Thank You, for saving lives…



Currently, an emotional ad running on TV with cancer survivors and their families saying  “thank you” to all donors and contributors who funded the cancer research.  The ad was made simple with only a real cancer survivors telling their stories and sending their appreciation to the audiance. A very heart capturing ad emphasising the role of donors in saving lives.

The Ad was integrated with social media campaign that aims to engage people into conversation and encourage them to leave donations to the charity. Content in its own can be very touching, but engagement play a greater role in outreaching more people.



Get the most of your social event

My favourite video from the London Marathon is, hands down, this Parkinson’s UK video published on Facebook immediately after the run. It’s a moving, funny and captivating story told by a father and his daughter. And here is the effect of the post according to the third sector website:

“The video has been viewed over 41,000 times and has had a reach of 172.5k. They also saw a significant increase in donations to John’s fundraising page, which they attribute in part to this post. John had raised £4,750 before the post went out, and since the post has raised an extra £6,560 (not including gift aid)”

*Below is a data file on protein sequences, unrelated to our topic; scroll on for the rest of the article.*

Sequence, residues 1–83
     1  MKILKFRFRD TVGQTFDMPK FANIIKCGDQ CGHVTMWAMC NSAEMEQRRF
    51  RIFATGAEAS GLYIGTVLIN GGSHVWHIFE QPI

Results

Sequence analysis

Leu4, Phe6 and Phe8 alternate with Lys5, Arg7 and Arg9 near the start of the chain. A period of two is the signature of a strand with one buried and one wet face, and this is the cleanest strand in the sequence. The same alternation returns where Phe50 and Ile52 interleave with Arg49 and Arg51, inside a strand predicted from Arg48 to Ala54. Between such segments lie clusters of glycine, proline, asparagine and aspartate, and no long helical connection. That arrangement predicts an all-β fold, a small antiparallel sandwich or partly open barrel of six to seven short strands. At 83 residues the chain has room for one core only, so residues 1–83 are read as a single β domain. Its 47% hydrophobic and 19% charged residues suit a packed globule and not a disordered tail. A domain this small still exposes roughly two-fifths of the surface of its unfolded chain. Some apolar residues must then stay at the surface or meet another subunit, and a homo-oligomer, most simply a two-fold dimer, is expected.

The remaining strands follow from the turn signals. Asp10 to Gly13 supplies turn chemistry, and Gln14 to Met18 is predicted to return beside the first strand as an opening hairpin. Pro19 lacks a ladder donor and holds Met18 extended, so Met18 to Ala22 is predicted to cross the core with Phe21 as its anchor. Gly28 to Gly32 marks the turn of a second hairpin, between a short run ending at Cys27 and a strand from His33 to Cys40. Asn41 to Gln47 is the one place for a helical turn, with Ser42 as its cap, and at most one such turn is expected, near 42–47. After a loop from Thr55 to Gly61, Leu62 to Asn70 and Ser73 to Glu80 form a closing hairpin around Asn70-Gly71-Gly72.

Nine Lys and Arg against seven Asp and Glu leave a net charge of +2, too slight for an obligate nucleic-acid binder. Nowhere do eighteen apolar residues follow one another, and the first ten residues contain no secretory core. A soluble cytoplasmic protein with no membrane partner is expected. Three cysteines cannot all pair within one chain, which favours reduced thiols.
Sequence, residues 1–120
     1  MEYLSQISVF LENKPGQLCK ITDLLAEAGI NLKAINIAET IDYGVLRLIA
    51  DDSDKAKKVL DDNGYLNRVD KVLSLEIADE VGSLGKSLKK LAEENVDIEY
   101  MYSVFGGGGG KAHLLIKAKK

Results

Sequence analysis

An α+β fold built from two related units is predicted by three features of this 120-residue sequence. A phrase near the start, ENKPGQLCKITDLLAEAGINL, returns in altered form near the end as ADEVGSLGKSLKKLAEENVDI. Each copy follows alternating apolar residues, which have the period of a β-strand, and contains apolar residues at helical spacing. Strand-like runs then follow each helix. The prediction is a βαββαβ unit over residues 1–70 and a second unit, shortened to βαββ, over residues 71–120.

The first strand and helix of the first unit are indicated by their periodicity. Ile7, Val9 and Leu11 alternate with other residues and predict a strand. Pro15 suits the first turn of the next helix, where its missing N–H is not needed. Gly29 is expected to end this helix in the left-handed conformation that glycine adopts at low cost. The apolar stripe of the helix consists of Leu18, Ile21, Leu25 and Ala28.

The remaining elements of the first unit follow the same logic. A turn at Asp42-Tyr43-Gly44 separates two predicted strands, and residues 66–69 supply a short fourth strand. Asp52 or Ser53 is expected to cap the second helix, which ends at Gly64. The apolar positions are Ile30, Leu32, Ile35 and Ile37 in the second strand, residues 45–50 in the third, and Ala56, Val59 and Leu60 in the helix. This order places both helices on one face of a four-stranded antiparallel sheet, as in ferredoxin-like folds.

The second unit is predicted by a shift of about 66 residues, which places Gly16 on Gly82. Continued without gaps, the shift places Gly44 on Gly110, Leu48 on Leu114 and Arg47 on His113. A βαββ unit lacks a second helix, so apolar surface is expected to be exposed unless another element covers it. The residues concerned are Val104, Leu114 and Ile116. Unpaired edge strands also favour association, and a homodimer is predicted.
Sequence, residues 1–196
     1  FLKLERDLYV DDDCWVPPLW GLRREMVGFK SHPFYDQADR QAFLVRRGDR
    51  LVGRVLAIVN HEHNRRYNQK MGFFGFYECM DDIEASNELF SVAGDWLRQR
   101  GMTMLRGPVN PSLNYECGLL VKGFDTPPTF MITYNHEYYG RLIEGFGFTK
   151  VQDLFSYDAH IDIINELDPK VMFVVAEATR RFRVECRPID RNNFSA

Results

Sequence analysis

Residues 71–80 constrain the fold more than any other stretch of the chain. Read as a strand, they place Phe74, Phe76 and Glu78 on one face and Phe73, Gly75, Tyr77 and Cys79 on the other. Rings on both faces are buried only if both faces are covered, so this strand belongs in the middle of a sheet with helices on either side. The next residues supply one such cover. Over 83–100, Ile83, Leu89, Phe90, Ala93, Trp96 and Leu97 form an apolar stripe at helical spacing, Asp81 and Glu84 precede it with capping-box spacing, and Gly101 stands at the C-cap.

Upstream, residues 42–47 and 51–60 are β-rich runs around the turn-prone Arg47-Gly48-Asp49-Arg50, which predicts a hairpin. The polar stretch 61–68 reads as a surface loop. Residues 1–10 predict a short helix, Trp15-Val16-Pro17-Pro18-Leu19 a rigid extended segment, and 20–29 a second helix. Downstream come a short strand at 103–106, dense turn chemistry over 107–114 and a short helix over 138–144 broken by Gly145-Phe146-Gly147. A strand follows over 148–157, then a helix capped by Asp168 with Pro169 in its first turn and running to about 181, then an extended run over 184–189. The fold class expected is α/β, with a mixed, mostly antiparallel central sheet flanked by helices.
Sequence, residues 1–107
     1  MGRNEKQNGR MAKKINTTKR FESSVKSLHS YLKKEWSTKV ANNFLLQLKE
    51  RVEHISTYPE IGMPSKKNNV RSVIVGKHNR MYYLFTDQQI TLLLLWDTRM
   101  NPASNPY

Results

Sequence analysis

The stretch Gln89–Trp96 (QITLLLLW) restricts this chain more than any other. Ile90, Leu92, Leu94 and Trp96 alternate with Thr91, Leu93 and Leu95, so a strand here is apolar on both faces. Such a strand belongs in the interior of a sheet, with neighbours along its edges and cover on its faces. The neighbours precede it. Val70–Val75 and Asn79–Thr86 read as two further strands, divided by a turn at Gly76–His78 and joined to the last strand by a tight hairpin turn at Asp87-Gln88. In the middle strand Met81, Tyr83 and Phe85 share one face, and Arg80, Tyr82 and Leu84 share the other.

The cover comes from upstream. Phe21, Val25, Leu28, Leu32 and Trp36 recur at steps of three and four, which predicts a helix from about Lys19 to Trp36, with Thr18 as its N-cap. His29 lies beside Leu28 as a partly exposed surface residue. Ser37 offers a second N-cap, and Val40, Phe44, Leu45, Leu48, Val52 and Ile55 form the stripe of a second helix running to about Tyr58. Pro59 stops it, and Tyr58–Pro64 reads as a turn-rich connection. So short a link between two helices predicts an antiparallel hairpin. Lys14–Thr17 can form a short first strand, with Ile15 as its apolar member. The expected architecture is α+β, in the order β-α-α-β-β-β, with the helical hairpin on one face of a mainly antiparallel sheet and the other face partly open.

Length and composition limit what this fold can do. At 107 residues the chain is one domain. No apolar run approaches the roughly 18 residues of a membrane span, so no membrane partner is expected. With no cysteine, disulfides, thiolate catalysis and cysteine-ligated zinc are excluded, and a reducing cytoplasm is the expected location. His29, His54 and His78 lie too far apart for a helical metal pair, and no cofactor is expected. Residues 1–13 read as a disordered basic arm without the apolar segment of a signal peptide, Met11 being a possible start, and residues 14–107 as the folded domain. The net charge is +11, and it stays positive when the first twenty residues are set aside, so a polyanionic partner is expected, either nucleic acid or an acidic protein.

In the article, Kirsty Marrins shares few helpful insights based on how charities connected  with their fundraisers at London Marathon this year:

  1. Building up case studies based their runners to be shared on social media.
  2. Sending a personalised social content to their London Marathon runners
  3. Posting real time interviews and media
  4. Sharing post-event stats and information.

CrowdRise and expense transparency

Last week, Lord Gus O’Donnell speaking at the National Council for Voluntary Organisations (NCVO) annual conference, emphasised the need to clarify for donors how the funds are being spent. Calling for transparency and embracing “the insights of behavioural approaches and focusing on raising our impact”. The donors’ demand for transparency is ever-growing, a trend only increased by online media, and it has been recognised at the NCVO as one of the main vehicles to success.

From the CrowdRise platform comes a good tip on how transparency, along with educating the donors about the overhead costs, can be translates in the little aspects connected to giving. The platform is a hub of great ideas for how to use technology for fundraising, and a great example of how really investing in the interface between charity and donor can produce exponential returns.

Edward Norton is the Hollywood face behind CrowdRise, which aims to help connecting people to causes through social media, facilitating and maximising the individual fundraising effort. CrowdRise tries to combine the more entertaining part of social networking with fundraising for charitable causes. One of their most famous features is the “giving tower”, an ambitious Virtual Reality experience, easily accessible through a free app, which showed during Giving Tuesday a tower made of “donations” growing amongst recognisable buildings, according to the number of donation received through the platform over the day. It is an innovative experiment of how online technology can be used not just as a communication tool but also as an entertainment device aimed to boost interest around the organisation.